The Visiting Vet was lucky enough to get him to answer a number of questions about how to get the best  possible home photos of your pet.

1/ How do I get my pet to sit still?

Either obedience training, or food treats are the main two methods, though I always prefer the former method if the owner has put the work in.  For cats, it may well be food treats or perhaps after exercise a dog will be that bit more compliant.

2/ How do I get my pet to look at the camera ?

You need to entertain the pet’s senses, whether it be sound or smell (food).  I have a large repertoire of different sound makers together with other noises, its about arousing the pets curiosity.

3/ What’s the easiest way to get a good action shot?

Have another person throw an object that interests the pet from left to right in front of your line, so that the pet is running perpendicular to you.  Cameras often focus easier when the pet is running from left to right or right to left rather than straight at the camera.

4/ How do you photograph a black animal?

It really is all about the light and where it is falling on to the pet subject.  Black dogs and white dogs can be hard because you need to get the detail showing in the fur of the pet.  Sometimes you can have black and white pets and in such cases I’d opt to have the detail retained in the white fur.  The key is in setting the correct exposure with your camera and having the light in the direction that shows the level of detail required.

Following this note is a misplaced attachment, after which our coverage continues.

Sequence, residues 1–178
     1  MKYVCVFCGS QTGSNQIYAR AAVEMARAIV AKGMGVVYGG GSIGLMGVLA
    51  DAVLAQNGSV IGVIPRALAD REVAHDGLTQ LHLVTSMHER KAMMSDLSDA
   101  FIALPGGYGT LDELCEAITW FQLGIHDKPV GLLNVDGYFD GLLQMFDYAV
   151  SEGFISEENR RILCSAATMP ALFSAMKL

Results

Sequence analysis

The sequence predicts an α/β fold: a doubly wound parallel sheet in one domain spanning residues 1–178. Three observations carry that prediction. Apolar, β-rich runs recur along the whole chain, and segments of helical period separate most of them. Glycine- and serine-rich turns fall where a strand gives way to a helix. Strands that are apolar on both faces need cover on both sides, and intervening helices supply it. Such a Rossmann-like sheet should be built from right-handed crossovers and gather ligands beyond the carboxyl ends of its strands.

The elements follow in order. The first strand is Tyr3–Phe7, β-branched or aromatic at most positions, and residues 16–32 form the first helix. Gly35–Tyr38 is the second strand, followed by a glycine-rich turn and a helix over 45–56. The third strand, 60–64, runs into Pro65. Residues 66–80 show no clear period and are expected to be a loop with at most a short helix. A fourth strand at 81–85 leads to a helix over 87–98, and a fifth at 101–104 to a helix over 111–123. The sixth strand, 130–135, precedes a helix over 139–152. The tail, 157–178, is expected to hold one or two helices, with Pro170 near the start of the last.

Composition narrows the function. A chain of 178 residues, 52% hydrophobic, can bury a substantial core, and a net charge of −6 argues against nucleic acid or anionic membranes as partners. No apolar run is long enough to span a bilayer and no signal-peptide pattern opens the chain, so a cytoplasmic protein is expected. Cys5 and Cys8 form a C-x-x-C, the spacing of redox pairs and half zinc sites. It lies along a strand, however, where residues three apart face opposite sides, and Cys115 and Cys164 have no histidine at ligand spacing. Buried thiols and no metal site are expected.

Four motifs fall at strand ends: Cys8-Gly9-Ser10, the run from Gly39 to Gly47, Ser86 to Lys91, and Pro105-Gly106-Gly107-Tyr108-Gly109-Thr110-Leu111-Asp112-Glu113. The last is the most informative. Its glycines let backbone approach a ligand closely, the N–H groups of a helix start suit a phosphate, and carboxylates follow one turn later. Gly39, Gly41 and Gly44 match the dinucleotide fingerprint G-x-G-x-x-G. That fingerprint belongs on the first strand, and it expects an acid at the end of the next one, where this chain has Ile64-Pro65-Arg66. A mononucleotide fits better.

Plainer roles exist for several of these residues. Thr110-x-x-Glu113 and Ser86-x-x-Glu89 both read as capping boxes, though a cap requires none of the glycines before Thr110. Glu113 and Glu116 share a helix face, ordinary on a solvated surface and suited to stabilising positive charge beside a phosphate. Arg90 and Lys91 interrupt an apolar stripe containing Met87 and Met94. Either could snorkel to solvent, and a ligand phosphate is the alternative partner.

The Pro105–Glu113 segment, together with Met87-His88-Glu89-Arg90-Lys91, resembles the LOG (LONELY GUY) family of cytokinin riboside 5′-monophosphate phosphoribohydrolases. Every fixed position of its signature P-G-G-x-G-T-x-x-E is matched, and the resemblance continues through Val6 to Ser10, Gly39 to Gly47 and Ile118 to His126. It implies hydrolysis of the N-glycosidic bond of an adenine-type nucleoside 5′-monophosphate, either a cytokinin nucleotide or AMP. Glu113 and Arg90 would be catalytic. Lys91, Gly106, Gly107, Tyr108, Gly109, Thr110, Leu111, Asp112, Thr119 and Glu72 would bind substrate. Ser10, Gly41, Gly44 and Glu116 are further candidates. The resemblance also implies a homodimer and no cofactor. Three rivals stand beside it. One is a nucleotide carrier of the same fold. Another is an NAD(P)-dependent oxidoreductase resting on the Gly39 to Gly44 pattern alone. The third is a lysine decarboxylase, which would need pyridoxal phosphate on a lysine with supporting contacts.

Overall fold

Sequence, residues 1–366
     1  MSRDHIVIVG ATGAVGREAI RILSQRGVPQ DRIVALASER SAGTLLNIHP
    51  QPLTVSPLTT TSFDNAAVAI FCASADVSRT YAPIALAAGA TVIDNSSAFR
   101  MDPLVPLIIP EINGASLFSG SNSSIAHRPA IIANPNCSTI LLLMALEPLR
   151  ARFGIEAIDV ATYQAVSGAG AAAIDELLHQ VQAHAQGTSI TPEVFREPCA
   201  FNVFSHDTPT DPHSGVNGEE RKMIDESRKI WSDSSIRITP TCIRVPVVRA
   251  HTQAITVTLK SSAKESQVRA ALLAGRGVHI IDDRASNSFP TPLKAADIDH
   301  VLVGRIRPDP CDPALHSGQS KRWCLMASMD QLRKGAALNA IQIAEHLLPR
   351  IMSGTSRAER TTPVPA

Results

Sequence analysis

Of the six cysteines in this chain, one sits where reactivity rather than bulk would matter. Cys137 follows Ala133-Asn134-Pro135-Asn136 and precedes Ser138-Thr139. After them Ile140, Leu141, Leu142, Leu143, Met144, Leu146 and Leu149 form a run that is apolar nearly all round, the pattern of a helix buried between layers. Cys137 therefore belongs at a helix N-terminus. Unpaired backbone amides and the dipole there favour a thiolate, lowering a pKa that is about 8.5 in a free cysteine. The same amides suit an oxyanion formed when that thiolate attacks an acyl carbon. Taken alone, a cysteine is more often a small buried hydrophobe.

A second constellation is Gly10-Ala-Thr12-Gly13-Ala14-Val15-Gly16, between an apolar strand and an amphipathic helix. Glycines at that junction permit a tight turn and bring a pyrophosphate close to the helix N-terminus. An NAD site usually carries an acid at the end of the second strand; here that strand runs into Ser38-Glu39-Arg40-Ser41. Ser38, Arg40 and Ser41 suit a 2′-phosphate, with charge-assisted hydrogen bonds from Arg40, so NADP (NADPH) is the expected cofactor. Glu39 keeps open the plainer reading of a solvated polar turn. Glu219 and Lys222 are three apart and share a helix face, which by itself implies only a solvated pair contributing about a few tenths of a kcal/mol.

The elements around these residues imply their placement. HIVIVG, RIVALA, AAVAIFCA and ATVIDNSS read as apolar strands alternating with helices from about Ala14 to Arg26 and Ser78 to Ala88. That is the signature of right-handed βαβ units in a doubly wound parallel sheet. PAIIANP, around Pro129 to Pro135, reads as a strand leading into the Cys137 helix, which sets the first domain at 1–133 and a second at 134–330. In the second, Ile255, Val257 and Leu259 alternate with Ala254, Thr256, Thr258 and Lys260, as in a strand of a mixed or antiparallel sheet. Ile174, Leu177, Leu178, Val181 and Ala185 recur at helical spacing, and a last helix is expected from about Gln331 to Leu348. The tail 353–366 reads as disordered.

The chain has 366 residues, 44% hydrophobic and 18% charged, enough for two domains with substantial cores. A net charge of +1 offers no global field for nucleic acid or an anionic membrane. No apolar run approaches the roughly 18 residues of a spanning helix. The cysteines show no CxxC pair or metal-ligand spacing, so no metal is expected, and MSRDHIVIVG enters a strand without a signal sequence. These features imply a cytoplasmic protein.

5/ How do you photograph a white animal?

Very similar to that of the black pet – get the correct exposure so the detail is retained in the white fur.  With a very high midday sun, sometimes positioning the white pet in an area with top shade can help reduce the harsh light that is falling from above.

6/ What’s the best way to get a good picture of a ‘small furry’ or reptile.

Often food is the main way of directing such pets, so observe the light and background and position the food in any area that will tempt the pet into such places.

7/ Is there anything I can do for a nervous or camera shy pet?

yes, take your time, be patient and gentle, do not move around too abruptly or make too loud a noise, build the session up gently and get the respect and trust of the pet.  Involve yourself in some of the pet’s favourite activities.

8/ How to get a good photo of a child and their pet?

Don’t they say “never work with children and animals” – think of ways that they could interact whether it be a child throwing a ball, running together etc..ensure that safety and welfare is key and that there are enough handlers to help out.

9/ Whats the best way to photograph fish in a tank?

Unless you are going to use an underwater camera, fish can be tricky, ensure the flash is turned off and ensure that the tank is illuminated or positioned next to an area of great light.  Fish often do not stay still for long periods but some great images can be taken around feeding time, you can easily position certain types of food in the best places in terms of light or backgrounds.  Tubifex worms are a great sight to see in the open mouth of a goldfish as it tussles with the food cube.

Paul takes photographs his subjects on location. He is based in Scotland but travels down to London 4 times a year.

Follow him on Facebook and Twitter or enquire about booking a session with him by clicking here.